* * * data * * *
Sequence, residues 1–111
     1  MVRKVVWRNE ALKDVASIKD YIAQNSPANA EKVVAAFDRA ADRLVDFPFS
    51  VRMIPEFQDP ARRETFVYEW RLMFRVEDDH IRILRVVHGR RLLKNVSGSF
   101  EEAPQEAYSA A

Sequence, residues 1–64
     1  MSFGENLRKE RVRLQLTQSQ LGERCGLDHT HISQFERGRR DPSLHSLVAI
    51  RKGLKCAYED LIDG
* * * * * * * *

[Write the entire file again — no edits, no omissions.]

Sequence, residues 1–111
     1  MVRKVVWRNE ALKDVASIKD YIAQNSPANA EKVVAAFDRA ADRLVDFPFS
    51  VRMIPEFQDP ARRETFVYEW RLMFRVEDDH IRILRVVHGR RLLKNVSGSF
   101  EEAPQEAYSA A

Sequence, residues 1–64
     1  MSFGENLRKE RVRLQLTQSQ LGERCGLDHT HISQFERGRR DPSLHSLVAI
    51  RKGLKCAYED LIDG